It’s hard to deny that starting an online business can be incredibly profitable.
However, even though starting an online business can be a great move to make, it can also be one of the hardest moves of an entrepreneur’s life. That’s why many entrepreneurs are looking into buying an established business instead of building one on their own.
Buying an established online business is the shortest path to seeing the success that you’re after and allows you to shave years off the process.
Listed below are the basic steps to buying a current online business.
How to Find Established Businesses to Buy
While buying an established business may make your life easier, you still have to track down businesses for sale.
There are 4 different types of businesses to look for:
- Businesses that generate revenue through product sales.
- Businesses that promote affiliate marketing programs for a commission.
- Businesses that display advertisements in exchange for revenue.
- Businesses that generate revenue by selling services.
There are a few different ways to track down these businesses.
Public marketplaces are great for finding businesses for sale. Sites like Flippa can give you the experience you need.
However, make sure you understand what you’re getting into before you start submitting offers. There are quite a few scams on public marketplaces, which is why they’re perfect for learning how to do due diligence.
Reach Out to Webmasters
If you already know the type of business you want to buy and the industry you want to work in, you can start reaching out to existing webmasters to find out if they may be interested in selling.
This may be the way to get the best deal as many webmasters do not understand the true value of their business. With good negotiating skills, you can usually find a deal and buy a diamond in the rough for less than you would be using other strategies.
Work with a Broker
If you’re worried about learning the process and doing the deal on your own, the best strategy is to work with a business broker. They can help you get the deal done with minimal frustrations.
Brokers have lists of established businesses ready to sell. A reputable broker will have already weeded out the scams for you. They will also assist you through each phase of the deal ensuring that all due diligence has been performed before you buy.
Brokers can advise on what things to include in the sale contract and how to perform the transfer of the business and the payment in the safest way possible, so both parties are protected.
How to Evaluate the Businesses that You Find
There are certain things that you should check to ensure you’re not wasting your money.
- At least 12 months of age and easy to verify. Confirm that the business you want to buy has shown stable growth over the course of at least 12 months. Younger businesses are typically riskier.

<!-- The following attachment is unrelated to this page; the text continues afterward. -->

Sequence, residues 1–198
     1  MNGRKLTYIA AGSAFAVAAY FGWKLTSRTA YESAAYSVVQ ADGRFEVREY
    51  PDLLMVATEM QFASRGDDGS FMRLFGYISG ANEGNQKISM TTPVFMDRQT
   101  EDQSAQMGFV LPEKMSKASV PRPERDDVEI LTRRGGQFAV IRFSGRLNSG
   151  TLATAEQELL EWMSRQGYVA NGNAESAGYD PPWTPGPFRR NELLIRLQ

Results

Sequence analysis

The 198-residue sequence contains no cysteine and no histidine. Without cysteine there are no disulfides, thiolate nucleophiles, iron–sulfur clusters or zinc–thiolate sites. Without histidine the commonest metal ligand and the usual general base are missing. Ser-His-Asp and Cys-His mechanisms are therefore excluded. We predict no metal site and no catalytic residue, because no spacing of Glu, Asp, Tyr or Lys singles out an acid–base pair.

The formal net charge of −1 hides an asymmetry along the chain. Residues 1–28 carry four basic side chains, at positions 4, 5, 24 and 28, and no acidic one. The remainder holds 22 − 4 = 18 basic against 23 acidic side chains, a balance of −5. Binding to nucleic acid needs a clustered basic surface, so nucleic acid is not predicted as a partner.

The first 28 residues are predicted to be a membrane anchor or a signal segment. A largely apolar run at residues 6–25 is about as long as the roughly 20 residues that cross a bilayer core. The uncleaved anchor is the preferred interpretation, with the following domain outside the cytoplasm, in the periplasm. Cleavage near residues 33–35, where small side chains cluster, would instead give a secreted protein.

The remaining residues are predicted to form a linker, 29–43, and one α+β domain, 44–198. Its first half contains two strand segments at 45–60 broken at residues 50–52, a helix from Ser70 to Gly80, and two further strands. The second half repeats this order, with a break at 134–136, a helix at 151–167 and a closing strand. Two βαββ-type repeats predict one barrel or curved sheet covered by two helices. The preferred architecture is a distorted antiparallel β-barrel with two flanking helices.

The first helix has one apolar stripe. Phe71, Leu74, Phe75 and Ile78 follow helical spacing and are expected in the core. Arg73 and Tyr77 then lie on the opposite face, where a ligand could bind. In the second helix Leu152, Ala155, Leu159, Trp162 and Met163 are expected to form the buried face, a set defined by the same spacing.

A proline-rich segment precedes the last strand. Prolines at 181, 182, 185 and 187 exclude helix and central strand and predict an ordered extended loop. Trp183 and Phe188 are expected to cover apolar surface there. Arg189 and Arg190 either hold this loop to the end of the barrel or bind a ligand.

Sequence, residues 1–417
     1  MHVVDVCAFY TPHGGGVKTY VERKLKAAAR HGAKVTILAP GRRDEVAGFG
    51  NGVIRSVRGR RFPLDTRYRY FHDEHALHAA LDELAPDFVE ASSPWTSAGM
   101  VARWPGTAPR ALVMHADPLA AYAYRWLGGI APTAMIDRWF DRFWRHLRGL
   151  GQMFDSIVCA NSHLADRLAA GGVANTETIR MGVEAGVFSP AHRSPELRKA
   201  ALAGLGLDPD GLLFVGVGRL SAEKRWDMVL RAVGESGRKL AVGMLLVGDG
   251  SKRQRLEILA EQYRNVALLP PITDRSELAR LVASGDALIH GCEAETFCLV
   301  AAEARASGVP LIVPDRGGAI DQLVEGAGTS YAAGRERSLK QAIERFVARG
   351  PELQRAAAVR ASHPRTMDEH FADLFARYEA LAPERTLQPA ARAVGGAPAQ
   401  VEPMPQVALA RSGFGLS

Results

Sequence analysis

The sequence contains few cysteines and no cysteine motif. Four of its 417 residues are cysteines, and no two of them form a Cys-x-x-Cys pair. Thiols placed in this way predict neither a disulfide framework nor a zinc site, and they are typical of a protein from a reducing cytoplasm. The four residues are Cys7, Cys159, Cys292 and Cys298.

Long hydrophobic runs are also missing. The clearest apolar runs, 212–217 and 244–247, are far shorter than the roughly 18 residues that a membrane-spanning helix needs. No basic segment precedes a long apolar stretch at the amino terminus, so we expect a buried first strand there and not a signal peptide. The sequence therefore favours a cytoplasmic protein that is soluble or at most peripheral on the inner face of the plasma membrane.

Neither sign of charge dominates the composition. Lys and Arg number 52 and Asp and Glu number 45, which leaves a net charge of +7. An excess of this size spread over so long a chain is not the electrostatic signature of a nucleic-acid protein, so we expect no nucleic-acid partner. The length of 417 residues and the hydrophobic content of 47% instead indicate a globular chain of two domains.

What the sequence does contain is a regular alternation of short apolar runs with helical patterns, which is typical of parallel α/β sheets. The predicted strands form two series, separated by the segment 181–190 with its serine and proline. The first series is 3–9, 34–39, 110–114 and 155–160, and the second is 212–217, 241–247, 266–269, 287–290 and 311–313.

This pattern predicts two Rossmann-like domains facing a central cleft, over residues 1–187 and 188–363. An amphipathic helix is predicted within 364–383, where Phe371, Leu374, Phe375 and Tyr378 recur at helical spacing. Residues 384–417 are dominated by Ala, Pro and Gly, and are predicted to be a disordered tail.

- Generating at least $500 per month. Check that there is revenue in the market that the business is built around. If it’s not generating at least $500 per month over the last 12 months, you may want to pass.
- Belongs to the original owner. Businesses that get bought and sold on a regular basis are usually hiding something, waiting to pass it on to the next entrepreneur. This means you want to stay away from businesses that were recently purchased.
- Consistent, diversified traffic. Building a sustainable business requires consistent and diversified traffic. If one traffic source gets shut down, you need to know that there are other sources so the business can still grow.
- Existing growth potential. You do not want to buy a business that has already tapped out the market. To get an ROI on your investment, you’ll need to be able to scale what you’re buying and you’ll need existing growth opportunities to do it.
These criteria are designed to help you quickly weed out businesses that aren’t going to be a sound purchase. Once you’ve decided upon a business, you’ll go through the following steps to acquire it.
Start by asking the business owner questions about how they’ve structured the business. Such as, why they built it, how they are driving traffic to the site, and how that traffic is being converted into revenue.
You need to see every aspect of the business. Dig into each of the different metrics that they give you. The more questions you ask here, the better off you’re going to be.
Once the business owner has given you the metrics, you want to start investigating what they’ve told you to verify that it’s true.
During your due diligence, you want to look for any discrepancies and keep your eyes open for any potential red flags. The purpose of due diligence is to find reasons NOT to buy the business.
If the business makes it through due diligence, you’ll want to visualize yourself stepping into the new role as the business owner. Make sure you can devote the proper time and energy to it.
If you can see yourself becoming the new owner, you will begin the negotiation process. You’ll state the terms of the deal and how much you’re willing to pay to acquire the business.
Once the sale terms are agreed upon by both parties, the transfer process begins. You will deposit your money into escrow and the owner should begin transferring the business to your name.
It’s best to include in the sale terms that the previous owner will provide support for a set length of time, to help ensure you’re able to efficiently step into your new role.
Think Buying a Business Could be Right for You?
Buying an established business could be one of the best and most profitable moves that you’ll make, as long as you take your time and move through the process carefully.
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